“It's a highly plumbed river,” Smith said. “And so they manage it. So they'll look at Mead, and they'll look at Powell and they'll say, ‘You know, let's take a little bit more from Powell now and bring it down to Mead because it looks like they'll be some better inflows into Powell. … So we'll see what the bureau does when it gets close to 1,075.”
It’s an enormous system to manage. There are two countries, upper- and lower-basin states, treaties, regulatory backgrounds, judicial backgrounds and legal precedents. The whole mess is collectively called the Law of the River.
It’s a delicately balanced system. At a recent water meeting at the state Capitol, one panelist described it as a Rubik’s Cube, with each square representing a different stakeholder. Turn the cube once, and the whole system goes out of whack.
Water managers aren’t expecting a rosy future.
“Climate change is already a huge challenge for us,” said Kathryn Sorensen, water services director for the city of Phoenix. “We can expect that the flows of our local rivers, the Salt and Verde, will diminish and become more variable or potentially turbid. We can expect that we will enter into shortage on the Colorado River and probably stay in shortage for quite some time.”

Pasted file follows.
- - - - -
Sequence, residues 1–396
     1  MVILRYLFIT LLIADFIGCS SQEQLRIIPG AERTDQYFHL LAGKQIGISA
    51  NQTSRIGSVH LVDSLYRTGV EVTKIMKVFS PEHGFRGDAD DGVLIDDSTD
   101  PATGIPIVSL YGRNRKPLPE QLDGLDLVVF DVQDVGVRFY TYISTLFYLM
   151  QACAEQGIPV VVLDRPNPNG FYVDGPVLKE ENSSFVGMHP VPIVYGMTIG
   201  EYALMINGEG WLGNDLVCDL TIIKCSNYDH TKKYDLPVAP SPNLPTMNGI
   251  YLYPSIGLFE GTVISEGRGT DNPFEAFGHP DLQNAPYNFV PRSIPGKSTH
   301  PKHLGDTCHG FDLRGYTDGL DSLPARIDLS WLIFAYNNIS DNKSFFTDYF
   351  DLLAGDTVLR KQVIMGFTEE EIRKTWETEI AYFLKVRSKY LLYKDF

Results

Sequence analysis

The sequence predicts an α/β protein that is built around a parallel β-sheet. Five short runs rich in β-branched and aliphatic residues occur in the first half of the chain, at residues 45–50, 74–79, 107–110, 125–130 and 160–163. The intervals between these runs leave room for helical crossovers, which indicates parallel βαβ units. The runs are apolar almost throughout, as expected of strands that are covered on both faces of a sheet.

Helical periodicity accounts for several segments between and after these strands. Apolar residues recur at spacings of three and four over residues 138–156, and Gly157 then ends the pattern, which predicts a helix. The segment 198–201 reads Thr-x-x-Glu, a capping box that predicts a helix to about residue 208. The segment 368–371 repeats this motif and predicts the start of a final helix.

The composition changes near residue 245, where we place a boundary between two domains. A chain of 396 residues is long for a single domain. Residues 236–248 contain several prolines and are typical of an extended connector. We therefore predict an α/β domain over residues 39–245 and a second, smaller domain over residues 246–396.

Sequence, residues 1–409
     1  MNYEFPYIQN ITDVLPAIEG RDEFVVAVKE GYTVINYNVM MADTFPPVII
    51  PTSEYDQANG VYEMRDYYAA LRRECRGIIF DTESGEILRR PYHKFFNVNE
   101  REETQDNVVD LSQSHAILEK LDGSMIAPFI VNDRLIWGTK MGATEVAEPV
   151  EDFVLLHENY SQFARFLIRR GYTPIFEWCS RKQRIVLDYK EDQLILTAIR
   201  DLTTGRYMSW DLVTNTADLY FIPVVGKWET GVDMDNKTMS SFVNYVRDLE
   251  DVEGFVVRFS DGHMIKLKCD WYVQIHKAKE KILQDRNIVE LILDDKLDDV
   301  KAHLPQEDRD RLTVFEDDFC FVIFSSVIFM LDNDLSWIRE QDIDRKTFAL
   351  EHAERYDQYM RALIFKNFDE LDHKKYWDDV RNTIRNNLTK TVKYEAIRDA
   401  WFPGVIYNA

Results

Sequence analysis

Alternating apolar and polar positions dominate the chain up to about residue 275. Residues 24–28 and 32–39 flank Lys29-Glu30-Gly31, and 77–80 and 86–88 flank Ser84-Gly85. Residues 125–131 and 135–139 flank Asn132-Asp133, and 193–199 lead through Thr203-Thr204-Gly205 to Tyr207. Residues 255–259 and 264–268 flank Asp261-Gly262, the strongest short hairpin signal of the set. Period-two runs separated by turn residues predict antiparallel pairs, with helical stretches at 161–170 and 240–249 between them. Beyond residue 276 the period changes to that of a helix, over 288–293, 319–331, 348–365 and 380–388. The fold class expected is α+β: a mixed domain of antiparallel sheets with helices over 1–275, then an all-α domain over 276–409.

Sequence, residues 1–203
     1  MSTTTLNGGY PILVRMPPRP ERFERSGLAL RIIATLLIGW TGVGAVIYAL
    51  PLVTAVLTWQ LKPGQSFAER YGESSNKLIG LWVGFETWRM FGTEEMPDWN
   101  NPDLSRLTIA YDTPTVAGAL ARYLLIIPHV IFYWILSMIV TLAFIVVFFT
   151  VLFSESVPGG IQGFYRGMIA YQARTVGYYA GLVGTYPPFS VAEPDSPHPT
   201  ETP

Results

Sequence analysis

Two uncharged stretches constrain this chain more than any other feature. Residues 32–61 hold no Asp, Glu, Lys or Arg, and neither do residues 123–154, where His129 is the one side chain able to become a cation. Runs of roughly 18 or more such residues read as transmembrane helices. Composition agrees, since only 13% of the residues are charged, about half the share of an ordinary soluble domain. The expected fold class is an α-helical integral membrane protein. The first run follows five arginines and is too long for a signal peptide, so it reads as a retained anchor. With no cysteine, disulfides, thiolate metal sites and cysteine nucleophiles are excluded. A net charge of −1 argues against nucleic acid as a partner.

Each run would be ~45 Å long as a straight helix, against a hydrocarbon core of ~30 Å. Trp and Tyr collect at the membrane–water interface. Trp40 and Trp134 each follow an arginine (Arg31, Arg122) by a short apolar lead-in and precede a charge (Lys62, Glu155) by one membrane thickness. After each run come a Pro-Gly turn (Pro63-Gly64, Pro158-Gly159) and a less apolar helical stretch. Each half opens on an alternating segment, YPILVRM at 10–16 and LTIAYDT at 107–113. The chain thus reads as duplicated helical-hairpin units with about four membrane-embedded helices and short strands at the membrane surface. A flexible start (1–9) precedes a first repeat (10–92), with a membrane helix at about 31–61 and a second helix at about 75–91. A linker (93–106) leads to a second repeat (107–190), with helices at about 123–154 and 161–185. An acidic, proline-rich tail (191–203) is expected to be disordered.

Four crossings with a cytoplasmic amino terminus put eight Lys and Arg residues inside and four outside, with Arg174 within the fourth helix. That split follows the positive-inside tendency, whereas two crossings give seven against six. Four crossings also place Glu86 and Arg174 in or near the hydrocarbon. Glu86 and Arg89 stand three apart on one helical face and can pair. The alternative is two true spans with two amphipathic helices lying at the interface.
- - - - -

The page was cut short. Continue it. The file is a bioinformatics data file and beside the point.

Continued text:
This is Arizona’s 16th year in a drought. Is this year 16 of a 16-year drought, or year 16 of a 30-year drought? NASA’s most recent research suggests the latter might be the case, with an 80 percent chance to see a 30-year drought by the middle to end of this century.
Droughts are part of natural variability in a desert region, but there is research that suggests they are becoming worse and more frequent because of climate change. Weather patterns in the Pacific that affect the West are changing, but researchers don’t know why.
“(Climate change and drought) are working together, unfortunately,” said state climatologist Nancy Selover, a research professor in the School of Geographical Sciences and Urban Planning. “I wish I could say 43 percent is this and 43 percent is that, but I can’t do that. It’s a fairly complex system.”
Part 1: The current situation and how we got here.
Part 2: Science and research.
Top photo: The Mike O’Callaghan-Pat Tillman Memorial Bridge on U.S. 93, a bypass from the old route over Hoover Dam, provides a scenic view of the dam and Lake Mead. Photo by Charlie Leight/ASU Now